When living in Korea, you often hear particularly younger people talk about Korea as Hell Joseon, (Joseon being the old name for Korea). Hell Joseon symbolizes the inhumane competition and pressure that many young people are facing during their school years and when searching for a job.

Aside from describing the difficulties in getting employment even after graduating from the best universities in the country, the term also covers the hardships that many of those, who do manage to find a job will face in the workplace due to Korea’s strict confucian culture. Young people and new graduates are often being underpaid, or even forced to work overtime with no overtime payment. I’ve heard several of my friends discuss the term “열정 페이” (yeoljeong pay, literally meaning “passion pay”), when describing how firms can underpay graduates and interns by using the “benefit of learning on the job” and “building your skills” as an excuse for the ridiculously low wage level. In other words: You should really just be happy to be here and willing to work for free, so stop whining!

This insane pressure of living in Hell Joseon has resulted in yet another satirical term, “the sampo generation” or in Korean 삼포세대 (sampo sedae). This is a slang expression for having given up on three important things in life: dating, marriage, and ever having children. Those who are really in despair define themselves as the “opo generation”, 오포세대, which means having given up on five things: the first three including employment and homeownership.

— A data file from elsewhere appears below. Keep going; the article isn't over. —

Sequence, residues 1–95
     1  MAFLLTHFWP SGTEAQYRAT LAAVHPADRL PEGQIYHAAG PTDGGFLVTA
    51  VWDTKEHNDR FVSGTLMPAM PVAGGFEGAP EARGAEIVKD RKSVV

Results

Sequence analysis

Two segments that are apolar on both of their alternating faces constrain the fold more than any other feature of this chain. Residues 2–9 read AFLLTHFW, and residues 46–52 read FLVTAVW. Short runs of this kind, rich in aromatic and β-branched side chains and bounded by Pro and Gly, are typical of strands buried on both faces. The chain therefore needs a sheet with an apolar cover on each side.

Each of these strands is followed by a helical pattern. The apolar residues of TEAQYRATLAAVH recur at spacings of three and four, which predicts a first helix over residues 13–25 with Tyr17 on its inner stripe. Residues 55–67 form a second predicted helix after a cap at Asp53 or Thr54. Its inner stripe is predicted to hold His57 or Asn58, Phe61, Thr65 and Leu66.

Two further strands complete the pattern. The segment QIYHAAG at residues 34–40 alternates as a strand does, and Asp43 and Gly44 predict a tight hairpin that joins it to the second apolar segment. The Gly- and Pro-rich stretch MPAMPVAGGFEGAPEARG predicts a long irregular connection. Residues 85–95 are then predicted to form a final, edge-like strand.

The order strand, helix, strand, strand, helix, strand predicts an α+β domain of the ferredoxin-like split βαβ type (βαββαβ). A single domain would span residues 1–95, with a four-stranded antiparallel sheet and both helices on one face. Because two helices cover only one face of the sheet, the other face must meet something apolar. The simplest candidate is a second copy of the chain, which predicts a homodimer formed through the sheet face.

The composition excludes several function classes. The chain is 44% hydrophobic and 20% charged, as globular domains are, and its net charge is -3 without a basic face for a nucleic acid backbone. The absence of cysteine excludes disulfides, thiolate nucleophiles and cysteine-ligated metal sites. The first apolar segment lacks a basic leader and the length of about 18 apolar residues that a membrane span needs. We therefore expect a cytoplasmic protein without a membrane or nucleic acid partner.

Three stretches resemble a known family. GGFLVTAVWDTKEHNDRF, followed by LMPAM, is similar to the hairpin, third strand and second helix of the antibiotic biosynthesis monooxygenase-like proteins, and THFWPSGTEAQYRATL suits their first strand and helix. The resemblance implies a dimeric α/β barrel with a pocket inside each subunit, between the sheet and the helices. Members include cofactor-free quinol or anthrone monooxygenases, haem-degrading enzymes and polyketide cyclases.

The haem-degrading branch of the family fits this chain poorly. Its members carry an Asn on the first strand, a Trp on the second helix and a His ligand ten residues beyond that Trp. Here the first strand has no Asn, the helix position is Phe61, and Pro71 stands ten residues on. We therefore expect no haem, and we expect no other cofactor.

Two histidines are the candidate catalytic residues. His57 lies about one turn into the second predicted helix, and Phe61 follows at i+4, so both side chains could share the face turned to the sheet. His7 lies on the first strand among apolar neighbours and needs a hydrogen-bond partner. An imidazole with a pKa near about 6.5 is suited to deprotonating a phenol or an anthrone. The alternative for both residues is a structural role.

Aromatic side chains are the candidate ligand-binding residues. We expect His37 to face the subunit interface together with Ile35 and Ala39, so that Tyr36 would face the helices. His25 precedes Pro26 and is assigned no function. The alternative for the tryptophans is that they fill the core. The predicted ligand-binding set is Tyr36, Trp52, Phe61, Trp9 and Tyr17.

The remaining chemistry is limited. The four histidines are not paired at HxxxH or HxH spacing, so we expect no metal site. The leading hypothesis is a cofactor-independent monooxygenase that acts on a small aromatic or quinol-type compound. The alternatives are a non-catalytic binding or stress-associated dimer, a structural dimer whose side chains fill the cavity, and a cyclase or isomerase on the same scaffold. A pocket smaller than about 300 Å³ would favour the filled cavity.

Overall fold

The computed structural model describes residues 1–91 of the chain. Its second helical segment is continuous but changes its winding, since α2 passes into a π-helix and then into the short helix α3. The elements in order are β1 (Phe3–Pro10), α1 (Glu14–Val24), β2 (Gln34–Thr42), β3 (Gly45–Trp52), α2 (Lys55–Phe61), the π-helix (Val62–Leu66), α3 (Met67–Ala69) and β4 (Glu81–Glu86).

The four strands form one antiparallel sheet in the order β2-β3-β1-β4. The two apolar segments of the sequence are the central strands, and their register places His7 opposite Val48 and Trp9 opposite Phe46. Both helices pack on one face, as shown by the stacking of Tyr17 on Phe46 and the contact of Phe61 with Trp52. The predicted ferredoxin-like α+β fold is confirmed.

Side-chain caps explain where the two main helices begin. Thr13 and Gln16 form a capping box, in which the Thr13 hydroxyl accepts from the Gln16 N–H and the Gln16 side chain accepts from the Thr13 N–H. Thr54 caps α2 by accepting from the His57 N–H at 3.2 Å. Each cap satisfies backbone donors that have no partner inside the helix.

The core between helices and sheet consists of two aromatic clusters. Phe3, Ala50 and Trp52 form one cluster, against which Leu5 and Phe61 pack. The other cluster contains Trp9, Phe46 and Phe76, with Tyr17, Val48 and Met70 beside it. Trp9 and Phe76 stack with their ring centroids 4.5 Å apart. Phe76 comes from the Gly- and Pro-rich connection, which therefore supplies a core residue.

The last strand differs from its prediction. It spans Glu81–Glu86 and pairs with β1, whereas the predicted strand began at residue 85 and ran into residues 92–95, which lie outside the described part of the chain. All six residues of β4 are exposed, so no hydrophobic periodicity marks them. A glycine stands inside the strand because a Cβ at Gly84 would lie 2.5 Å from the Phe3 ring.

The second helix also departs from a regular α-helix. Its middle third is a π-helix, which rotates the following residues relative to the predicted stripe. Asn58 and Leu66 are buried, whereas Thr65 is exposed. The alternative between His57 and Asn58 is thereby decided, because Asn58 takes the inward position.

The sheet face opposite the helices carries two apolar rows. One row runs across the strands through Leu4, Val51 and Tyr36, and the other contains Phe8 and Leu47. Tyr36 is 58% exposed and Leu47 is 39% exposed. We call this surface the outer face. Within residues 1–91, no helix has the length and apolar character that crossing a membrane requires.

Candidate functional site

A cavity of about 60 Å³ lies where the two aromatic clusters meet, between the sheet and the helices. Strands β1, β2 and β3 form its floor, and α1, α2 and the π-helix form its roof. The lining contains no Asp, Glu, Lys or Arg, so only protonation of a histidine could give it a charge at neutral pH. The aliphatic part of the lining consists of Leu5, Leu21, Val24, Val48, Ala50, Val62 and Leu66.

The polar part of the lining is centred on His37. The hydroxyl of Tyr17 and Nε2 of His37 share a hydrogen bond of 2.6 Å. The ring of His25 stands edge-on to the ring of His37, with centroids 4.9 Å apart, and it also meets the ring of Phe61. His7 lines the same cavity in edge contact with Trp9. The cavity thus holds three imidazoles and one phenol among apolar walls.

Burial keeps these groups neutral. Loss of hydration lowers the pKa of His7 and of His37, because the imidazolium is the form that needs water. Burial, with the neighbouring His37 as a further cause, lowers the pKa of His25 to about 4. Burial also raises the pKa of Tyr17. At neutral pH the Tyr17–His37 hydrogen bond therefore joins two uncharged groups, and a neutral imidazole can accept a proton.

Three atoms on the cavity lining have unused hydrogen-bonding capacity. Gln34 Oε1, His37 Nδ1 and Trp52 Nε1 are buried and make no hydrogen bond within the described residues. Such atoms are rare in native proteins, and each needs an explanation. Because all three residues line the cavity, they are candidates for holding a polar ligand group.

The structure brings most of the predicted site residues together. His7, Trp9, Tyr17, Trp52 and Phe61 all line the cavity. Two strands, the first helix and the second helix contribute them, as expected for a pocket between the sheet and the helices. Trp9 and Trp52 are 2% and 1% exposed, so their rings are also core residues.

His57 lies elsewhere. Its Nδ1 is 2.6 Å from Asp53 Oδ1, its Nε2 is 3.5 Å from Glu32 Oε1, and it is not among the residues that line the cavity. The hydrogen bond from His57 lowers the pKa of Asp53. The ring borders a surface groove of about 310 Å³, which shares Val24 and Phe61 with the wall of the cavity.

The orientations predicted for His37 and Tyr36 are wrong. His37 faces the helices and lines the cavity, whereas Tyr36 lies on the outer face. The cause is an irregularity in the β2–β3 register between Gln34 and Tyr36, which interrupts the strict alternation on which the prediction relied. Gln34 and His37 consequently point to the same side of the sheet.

Korea still tops the ranks on suicide rates and general unhappiness, and there is no doubt that the new administration will be facing some heavy tasks in improving the living conditions for the Korean people. I personally find it promising that the new president Moon Jae In has vowed to focus more on the development of small and medium-sized firms. Korea needs a drastic change in it’s corporate culture, and it needs to come from the bottom.

Terms like Hell Joseon, sampo and opo sedae even appear in Korean popular culture from time to time. One example is Korean boy band BTS who sing about the sampo and opo generation in their song “Dope”. Listen for yourself, and turn on the subtitles in the video if you don’t understand Korean. The song is quite aggressive and critical of the living conditions and maybe just because of that it was instantly extremely popular. (The sampo and opo generation is mentioned around 2:14.)

5 Comments »

Leave a Reply

Fill in your details below or click an icon to log in:

WordPress.com Logo

You are commenting using your WordPress.com account. Log Out / Change )

Twitter picture

You are commenting using your Twitter account. Log Out / Change )

Facebook photo

You are commenting using your Facebook account. Log Out / Change )

Google+ photo

You are commenting using your Google+ account. Log Out / Change )

Connecting to %s